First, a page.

Friday, March 28, 2008

My Art Show Application Experience: The Booth Photo

Hello everyone! I'm back with more insight on the whole concept of applying to art shows. Previously, I've written about planning, paperwork and jury slides. This time I'd like to share a little on the topic of representing the look of your display to jurors (or judges) through top-quality booth photos.

This happens to be the first year that I've applied to a show that requires a booth shot because a) I don't really have a good one yet and b) it was another requirement that made me nervous and self-eliminate before even applying. But this year, I was determined to face new things head-on and stop being a whimp!

I edited a photo that I took of my booth a few years ago and came up with what you see in this post. A few weeks ago I attended a jury showing and saw hundreds of booth examples. My photo would not be considered the best (by a long shot). It would also not be the worst either.

I met with, Larry Sanders, expert craft photographer and one of the show's judges and asked him what is the purpose of the booth photo and what makes one better than another. He said that the purpose of a booth photo is for the jurors to see:

  1. The scale of the work that is being shown. It is often difficult to know the size of a piece and it could be a determining factor for an artist. This is not the case for jewelry however as the size of the jewelry most often can't be determined.

  2. It shows the jurors that the person applying has more than the 3-6 pieces that are usually required for jury slides. Some artists will make a few nice pieces to get into a show without adequate inventory to sell. This is bad for a show.

  3. It shows the professionalism of the display. In other words, orange crates are not very appreciated these days at shows. Nice display cases, nice shelving, nice walls are always a bonus. Curtains that cover the harsh white walls of a tent are a big help.

  4. It can be a tie-breaker between two or more equally talented artists. Favor would be given to the one with the better looking display.

  5. Some shows will actually give the booth a score that is added to the score for ranking artists.

A Few More Tips from Mama...

  • When taking your own photos, keep people and anything that identifies who you are out of the image. If I knew more about photo editing, I'd have taken the man in the yellow shirt out of my image. Dropping the sides of my tent would have also helped.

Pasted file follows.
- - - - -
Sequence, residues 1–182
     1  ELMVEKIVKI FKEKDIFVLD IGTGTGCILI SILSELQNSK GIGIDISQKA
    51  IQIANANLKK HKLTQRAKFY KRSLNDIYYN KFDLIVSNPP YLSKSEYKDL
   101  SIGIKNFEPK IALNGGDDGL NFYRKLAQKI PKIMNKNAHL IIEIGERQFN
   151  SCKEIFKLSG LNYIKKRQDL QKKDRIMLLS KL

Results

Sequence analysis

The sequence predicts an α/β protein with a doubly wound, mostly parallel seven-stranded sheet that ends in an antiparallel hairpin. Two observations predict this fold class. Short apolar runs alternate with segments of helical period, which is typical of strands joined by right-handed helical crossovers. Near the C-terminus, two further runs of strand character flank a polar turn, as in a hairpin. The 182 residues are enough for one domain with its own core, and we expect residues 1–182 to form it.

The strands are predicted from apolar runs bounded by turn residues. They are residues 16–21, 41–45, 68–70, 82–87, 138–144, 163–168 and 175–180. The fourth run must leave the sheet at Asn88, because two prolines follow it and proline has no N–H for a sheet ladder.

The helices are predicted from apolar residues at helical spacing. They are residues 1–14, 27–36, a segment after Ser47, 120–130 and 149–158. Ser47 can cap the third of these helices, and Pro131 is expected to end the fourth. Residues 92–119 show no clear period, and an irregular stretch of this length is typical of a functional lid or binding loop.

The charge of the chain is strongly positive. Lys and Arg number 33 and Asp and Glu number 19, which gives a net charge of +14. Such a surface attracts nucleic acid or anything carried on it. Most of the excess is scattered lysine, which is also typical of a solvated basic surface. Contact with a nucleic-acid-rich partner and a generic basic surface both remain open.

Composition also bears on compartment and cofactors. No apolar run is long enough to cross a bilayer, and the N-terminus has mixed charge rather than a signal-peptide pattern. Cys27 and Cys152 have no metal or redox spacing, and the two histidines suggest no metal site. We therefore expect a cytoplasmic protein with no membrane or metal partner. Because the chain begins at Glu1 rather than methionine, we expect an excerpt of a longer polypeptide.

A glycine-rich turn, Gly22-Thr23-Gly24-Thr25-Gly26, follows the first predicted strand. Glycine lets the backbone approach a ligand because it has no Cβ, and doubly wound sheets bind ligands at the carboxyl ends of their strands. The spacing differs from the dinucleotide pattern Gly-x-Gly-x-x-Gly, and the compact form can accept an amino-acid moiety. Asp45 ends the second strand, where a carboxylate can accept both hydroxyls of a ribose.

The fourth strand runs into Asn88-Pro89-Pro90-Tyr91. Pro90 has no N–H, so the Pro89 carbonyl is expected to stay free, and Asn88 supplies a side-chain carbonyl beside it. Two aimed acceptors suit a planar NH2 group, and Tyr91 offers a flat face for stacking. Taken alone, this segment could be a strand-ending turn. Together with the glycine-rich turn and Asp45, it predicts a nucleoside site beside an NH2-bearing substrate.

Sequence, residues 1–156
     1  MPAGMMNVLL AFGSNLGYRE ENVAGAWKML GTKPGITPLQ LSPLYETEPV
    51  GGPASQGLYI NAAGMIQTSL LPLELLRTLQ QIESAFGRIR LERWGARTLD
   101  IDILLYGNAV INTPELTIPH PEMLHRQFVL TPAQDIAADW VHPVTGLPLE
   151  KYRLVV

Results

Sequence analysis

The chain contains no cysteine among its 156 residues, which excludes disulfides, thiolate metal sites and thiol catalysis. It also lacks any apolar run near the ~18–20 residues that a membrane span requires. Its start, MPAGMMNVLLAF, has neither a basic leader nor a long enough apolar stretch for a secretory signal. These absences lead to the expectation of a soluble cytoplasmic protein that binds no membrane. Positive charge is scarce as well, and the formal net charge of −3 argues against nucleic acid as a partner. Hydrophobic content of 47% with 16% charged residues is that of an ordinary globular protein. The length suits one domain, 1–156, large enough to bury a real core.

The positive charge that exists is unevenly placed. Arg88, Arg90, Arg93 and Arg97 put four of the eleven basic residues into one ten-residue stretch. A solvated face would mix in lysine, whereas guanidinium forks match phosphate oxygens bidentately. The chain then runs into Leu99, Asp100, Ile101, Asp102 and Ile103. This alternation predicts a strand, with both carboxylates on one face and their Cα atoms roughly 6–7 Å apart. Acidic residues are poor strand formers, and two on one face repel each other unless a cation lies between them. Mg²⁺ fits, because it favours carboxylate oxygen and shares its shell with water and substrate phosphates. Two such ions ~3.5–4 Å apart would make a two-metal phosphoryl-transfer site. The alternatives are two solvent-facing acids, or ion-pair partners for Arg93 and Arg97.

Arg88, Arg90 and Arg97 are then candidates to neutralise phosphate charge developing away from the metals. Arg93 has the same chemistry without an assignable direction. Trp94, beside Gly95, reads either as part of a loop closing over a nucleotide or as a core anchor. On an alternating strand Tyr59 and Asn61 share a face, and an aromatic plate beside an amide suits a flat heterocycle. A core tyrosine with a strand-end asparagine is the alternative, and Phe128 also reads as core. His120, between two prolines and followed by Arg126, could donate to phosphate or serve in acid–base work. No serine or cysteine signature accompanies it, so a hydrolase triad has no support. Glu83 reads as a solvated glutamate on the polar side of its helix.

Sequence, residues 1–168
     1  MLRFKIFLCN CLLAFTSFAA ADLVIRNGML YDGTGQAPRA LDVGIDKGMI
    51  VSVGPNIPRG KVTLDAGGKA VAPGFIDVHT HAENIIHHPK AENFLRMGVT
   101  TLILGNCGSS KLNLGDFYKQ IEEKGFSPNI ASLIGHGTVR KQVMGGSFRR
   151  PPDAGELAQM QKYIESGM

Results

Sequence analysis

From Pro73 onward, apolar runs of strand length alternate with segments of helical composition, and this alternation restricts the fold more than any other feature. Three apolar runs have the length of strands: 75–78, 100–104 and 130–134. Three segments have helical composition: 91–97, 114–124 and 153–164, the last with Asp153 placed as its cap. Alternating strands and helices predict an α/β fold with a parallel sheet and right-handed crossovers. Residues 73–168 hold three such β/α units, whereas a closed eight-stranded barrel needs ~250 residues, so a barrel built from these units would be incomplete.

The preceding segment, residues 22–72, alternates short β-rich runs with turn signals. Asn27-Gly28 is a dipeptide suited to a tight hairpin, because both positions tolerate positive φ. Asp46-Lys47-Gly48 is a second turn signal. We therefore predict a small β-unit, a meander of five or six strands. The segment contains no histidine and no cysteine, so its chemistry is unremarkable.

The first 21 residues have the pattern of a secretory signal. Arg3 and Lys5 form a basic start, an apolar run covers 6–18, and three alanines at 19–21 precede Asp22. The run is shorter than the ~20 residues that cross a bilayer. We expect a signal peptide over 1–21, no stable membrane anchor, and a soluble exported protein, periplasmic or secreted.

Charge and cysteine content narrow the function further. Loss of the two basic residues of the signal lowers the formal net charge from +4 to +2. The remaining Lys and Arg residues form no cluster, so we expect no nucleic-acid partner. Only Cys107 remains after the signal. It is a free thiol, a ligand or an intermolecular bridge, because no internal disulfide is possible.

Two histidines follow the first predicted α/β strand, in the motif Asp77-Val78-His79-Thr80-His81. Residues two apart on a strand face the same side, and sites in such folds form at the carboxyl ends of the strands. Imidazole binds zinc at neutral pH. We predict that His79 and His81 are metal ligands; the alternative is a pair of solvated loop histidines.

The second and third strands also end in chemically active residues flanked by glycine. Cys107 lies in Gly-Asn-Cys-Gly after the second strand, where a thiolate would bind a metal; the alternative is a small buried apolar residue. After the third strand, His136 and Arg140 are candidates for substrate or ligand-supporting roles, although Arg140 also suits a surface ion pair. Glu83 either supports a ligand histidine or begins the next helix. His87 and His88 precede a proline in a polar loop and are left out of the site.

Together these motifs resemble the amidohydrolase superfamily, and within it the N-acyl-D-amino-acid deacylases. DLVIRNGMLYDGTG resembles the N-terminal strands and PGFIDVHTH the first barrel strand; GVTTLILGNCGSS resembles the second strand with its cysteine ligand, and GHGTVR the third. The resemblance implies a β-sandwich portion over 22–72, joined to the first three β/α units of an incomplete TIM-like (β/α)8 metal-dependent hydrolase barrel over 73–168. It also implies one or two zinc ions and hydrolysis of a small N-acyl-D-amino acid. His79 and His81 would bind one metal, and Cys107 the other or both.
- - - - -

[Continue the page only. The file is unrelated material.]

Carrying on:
• I recommend using iprintfromhome.com for turning your digital images into slides. They are very cheap, easy and fast!

  • Use a professional if possible. Like I said about jury slides, why take chances when the only representation you have of yourself are a few images. I'll be giving Larry a call when I'm ready for my next one.

8 comments:

SecretMe said...

great tips and lovely work!

Allison said...

Wow, good tips. I would to love to eventually apply for craft shows, so it's good to see the 'inner workings' as far as the applications are concerned.

Kitty said...

Looks like a lot of work!
One really needs to be passionate about her work. And it sounds like you are!

Mimi - Image Beads said...

Again, thank you for your tips! Booth photo is a great idea!

Your booth looks great.

The Hatdiva said...

Booth shots are difficult. Invariably I end up with something out of focus! I'd love to share a photo of my friend Teresa's jewelry booth sometime. Her display is downright incredible! I found your blog from seeing it posted on Etsy, and read it before setting up my own! I learned alot, and identified with much of what you say (agony of applying to shows, etc). At my next show in May I'll snap a pic of Teresa's booth. Her site is www.santame.com (I think).

Linda Blondheim said...

I enjoyed reading your excellent tips. I occasionally judge art festivals and a clean, well organized booth makes a good impression. The other tip I have for festival artists is to speak to every visitor. I always go around the show early in the morning to look at the work before I officially announce myself as a judge. It is a turn off for me to be ignored or treated rudely by artists. I always remmber the ones who are friendly and kind, later when I look at the work.

Linda Blondheim

www.lindablondheimartnotes.blogspot.com

Karma by Morgan said...

I really love your blog! You are very informative and I bookmarked you...would you mind if I linked you from my blog?

I understand the issue with the booth...I am still trying to make mine the best it can be. I have a lot of inventory but since it is jewelry, I only really need one table. However - it might be easier for people if its spread out. Im still working on it ;)

good luck! you have such beautiful work!

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